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Lead Hazard Control: HiAP + Lead Collaborative Grantees Work Toward Enhanced Childhood Lead Poisoning Prevention

May 28, 2021 | Angana Roy

Lead exposure remains a persistent childhood health issue and an indicator of environmental inequity in the United States. While lead exposure has declined substantially over the past few decades, there is no safe threshold for lead exposure and many children in the nation are still at risk.[1] Elevated blood lead levels are associated with a range of health effects from developmental delays to behavioral problems.[2] Children living in homes built before 1978 tend to be at the highest risk, which disproportionately includes children in low-income households. Non-Hispanic Black children may also be at higher risk given persistent racial inequities in access to safe housing.[3]

During the early months of the novel coronavirus (COVID-19) pandemic, states reported substantially fewer blood lead level screenings for children. The Centers for Disease Control and Prevention (CDC) estimates approximately 10,000 children with elevated blood levels may have gone untested during January-May 2020. [4] The full effect of the pandemic on childhood lead exposure prevention and treatment is still unclear, but the initial decline in reported screenings is a definite cause for concern.

Although the pandemic appears to have interrupted lead screenings, a renewed effort to increase testing and treatment can help reach children at risk of lead exposure. For example, the Monmouth County Regional Health Commission hosted a free lead exposure screening event in March 2021 where children aged one to six, as well as pregnant women, received blood lead screenings and common household items were tested for lead.

NACCHO Activities

In 2018, CDC’s National Center for Environmental Health and Agency for Toxic Substances and Disease Registry developed the Health in All Polices (HiAP) + Lead Collaborative. The HiAP + Lead Collaborative is supported by the National Center for Healthy Housing (NCHH), National Environmental Health Association (NEHA), the Association for State and Territorial Health Officials (ASTHO), and NACCHO. The goal of the Collaborative is to utilize the expertise of these four national partners to support health departments using HiAP strategies to address at least one of several childhood lead-related activities or outcomes (e.g., lead testing awareness, case management coordination, surveillance, implementation of BLRV).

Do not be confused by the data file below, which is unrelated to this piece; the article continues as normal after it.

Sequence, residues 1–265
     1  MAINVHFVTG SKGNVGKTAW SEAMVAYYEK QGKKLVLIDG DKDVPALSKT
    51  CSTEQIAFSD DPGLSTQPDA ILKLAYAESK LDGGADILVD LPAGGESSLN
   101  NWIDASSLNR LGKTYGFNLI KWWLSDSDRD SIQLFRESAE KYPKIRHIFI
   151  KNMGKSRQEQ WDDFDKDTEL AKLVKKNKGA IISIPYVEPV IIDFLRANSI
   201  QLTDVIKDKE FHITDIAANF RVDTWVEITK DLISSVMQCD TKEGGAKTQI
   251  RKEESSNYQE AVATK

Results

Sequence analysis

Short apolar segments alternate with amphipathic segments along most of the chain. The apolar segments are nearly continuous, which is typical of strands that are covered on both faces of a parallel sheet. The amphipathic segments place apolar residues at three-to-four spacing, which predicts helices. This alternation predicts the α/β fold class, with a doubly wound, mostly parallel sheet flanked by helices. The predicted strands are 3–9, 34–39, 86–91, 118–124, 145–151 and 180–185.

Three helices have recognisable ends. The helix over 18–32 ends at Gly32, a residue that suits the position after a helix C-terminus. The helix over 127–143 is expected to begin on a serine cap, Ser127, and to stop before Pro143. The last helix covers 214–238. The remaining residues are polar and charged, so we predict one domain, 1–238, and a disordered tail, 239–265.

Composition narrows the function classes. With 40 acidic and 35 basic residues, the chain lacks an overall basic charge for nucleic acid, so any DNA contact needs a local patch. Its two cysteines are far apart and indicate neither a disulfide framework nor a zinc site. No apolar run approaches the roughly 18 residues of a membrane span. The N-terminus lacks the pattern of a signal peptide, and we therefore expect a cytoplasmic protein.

The Collaborative was funded for two years, with support lasting an additional six months to the end of 2020 due to interruption from the COVID-19 pandemic response. Over the course of the project, the Collaborative supported a total of seven health departments, six local and one state health department. Health departments funded through the opportunity include Louisville Metro Public Health and Wellness, KY; Houston Health Department, TX; Allegheny County Health Department, PA; Boston Public Health Commission, MA; City of Cleveland Department of Public Health, OH; City of Milwaukee Health Department, WI; and Idaho Department of Health and Welfare.

Health departments funded by the HiAP + Lead Collaborative experienced many challenges and barriers during the project period due to COVID-19. Health departments were forced to limit or completely stop blood lead screenings and inspections, community outreach and engagement was interrupted due to social distancing mandates, and health department staff were reassigned from their normal duties to COVID-19 Response. Despite the challenges the grantees faced, they were able to find ways to restart inspections and screenings, work to engage community through virtual meetings and online surveys, and some have been able to resume their roles aimed at preventing and reducing lead exposure in communities.

Ultimately, the grantees and national partners produced several resources to highlight the work being done, including:

  1. In 2019, NACCHO developed a factsheet based on the Seven Strategies of HiAP focusing on Lead Poisoning Prevention work. Environmental Health Fact Sheet: Health Department Strategies for Implementing Health in All Policies to Reduce and Prevent Lead Exposure
  2. In 2019, NACCHO worked with the Louisville Metro Department of Public Health and Wellness to develop a factsheet detailing how the health department has incorporated their HiAP work in the office of health equity.
  3. In 2019, as part of NACCHO’s HiAP webinar series, which aimed at providing an open, informal space for dialogue and peer-to-peer sharing about challenges and best practices, a webinar was focused on how to utilize a HiAP Approach for Lead Poisoning Prevention.
  4. In 2021, as grantees of the HiAP + Lead Collaborative, Boston Public Health Commission joined the NACCHO Podcast Series to discuss the lead landscape in Boston and how the health department is working with other government agencies and non-profits to eradicate lead poisoning.
  5. In 2021, NACCHO and NCHH worked with teams in Boston, Cleveland, and Milwaukee and developed Stories from the Field highlighting the lead work being done in each of these communities as well has how they adjust with the COVID-19 Response.

Citations

[1] https://www.pewtrusts.org/-/media/assets/2017/08/hip_childhood_lead_poisoning_report.pdf

[2] https://www.cdc.gov/nceh/lead/prevention/health-effects.htm

[3] https://www.cdc.gov/nceh/lead/prevention/populations.htm

[4] https://www.cdc.gov/mmwr/volumes/70/wr/mm7005a2.htm?s_cid=mm7005a2_w

For more information about NACCHO’s HiAP work, contact:

Bridget Kerner, MS
Lead Program Analyst, NACCHO

BKerner@NACCHO.org

Alix Ware, JD, MPH
Program Analyst, NACCHO

Aware@NACCHO.org


About Angana Roy

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